The first clinical use in gynecological laparoscopy proved to be feasible with the new robotic-driven, articulating instrument. Ipsilateral trocar placement was confirmed to be especially beneficial, as thee articulating tips of the KYMERAX instruments allowed for contralateral dissection of the broad ligament, the skeletonizing of the cervix, and transection and suturing of the vagina. There were no complications and the patient was discharged after an uneventful hospital stay of 3 days.
The idea of angled instruments for laparoscopy is not new . Hand-manipulated angled instruments such as the Realhand or the Radius Surgical System have been proposed earlier, but never entered the market on a wide range [3, 4]. Advanced vision has also been introduced to the market and has shown a variety of possible benefits .
Though the KYMERAX System was previously used by the authors AH and MK extensively in bench studies, including animal and cadaver models, the first clinical use brightens the possible benefits. These may include more precise dissecting abilities while tissue can be manipulated three dimensionally, ease in identifying and dissecting hard to reach structures and compartiments with reduction of tissue trauma, advancing suture techniques within a limited space, possible reduction of shoulder strain experienced by the surgeon through ipsilateral trocar placement, and reduced number of abdominal incisions. Compared to other full robotic consoles, KYMERAX seems to be reasonably priced, therefore allowing for a wider spread distribution.
However, as with all highly advanced new technical equipment, novices will experience a steeper learning curve when adapting to the articulation. The use of buttons placed on the instruments handle to drive the tip, requires familiarization. To increase patient safety and to reduce surgeon’s efforts, a standardized curriculum for getting acquainted with the advances of triangulation should be mandatory for new users of the KYMERAX System. This may also reduce difficulties in directing the tip and support effectiveness of using the articulating branches.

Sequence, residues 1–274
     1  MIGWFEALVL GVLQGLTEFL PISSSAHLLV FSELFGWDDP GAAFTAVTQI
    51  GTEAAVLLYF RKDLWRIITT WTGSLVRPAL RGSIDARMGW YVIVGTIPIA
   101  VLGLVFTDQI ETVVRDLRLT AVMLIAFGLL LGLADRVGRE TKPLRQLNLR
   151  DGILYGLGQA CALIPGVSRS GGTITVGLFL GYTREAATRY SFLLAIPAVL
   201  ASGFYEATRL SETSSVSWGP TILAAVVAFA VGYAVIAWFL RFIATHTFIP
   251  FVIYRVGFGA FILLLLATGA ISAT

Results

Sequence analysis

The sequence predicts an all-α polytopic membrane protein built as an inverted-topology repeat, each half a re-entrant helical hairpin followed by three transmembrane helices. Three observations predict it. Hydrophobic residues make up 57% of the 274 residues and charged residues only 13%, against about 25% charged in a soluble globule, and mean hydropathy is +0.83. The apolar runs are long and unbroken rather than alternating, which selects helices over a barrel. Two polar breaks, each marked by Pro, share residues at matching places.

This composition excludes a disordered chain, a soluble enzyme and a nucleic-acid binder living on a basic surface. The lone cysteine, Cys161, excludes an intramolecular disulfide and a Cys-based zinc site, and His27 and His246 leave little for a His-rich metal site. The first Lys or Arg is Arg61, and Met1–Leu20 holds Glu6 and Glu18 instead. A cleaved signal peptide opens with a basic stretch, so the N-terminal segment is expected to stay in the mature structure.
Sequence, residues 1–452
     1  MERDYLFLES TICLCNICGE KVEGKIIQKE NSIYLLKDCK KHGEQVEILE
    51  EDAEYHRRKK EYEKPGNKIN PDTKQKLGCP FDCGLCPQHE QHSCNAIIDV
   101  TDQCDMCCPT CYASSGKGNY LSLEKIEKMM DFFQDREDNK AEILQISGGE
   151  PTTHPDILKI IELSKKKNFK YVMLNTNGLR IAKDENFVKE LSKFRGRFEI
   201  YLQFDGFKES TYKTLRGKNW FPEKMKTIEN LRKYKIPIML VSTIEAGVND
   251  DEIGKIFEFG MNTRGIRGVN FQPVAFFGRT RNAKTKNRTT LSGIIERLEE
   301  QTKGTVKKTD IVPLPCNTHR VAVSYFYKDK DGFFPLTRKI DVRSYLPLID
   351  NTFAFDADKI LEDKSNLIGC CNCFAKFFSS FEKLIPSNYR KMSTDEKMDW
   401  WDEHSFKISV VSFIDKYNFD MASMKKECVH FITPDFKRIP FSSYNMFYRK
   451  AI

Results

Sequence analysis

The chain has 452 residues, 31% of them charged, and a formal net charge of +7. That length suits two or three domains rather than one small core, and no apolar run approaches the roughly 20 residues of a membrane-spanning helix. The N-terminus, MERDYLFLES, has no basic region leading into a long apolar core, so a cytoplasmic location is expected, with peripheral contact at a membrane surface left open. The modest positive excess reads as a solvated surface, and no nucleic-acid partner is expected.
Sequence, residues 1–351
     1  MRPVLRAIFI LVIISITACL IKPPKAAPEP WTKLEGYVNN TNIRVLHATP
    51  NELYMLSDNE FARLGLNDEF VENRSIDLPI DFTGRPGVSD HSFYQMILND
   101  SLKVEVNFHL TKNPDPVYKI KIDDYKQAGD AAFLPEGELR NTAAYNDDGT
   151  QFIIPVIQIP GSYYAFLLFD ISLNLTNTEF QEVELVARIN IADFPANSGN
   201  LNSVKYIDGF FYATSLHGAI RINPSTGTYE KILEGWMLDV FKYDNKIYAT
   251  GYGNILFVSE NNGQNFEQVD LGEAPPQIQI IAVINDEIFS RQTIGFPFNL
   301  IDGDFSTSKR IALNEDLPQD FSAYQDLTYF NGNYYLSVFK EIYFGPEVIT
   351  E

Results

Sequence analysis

Nowadays, surgeons have adapted to the drawbacks of conventional laparoscopy, such as limited maneuverability and two-dimensional vision, but are still able to perform highly advanced surgical procedures, such as pelvic and paraaortic lymphadenectomies. Patients requiring highly advanced surgical procedures, as well as those with procedures requiring extensive suturing (i.e., myomectomy, sacrocolpopexy), may benefit from a more precise and possibly faster surgery. Also, the surgeon may benefit, as shoulder and elbow strain may be reduced, when utilizing more comfortable and ergonomic trocar placement. This better trocar placement is the result of a shift of triangulation from the surgeon’s upper extremities to the tip of the instrument.
KYMERAX, the new handheld robotic-driven technology with articulating instrument tips, is a long awaited development for minimally invasive surgery. This innovative device offers a path-breaking alternative between conventional laparoscopic surgery and the unrivaled Da Vinci Robotic system. Further clinical use and adequate clinical studies are necessary to highlight the instrument benefits. Independent from that, the uniqueness of allowing the surgeon to use his/her “wrist,” offers a benefit that overcomes one of the major drawbacks of laparoscopic surgery.
Declaration of interest
A. Hackethal and M. Koppan were actively involved in the development of KYMERAX as consultants for Terumo, Japan and received consulting fees or honoraria.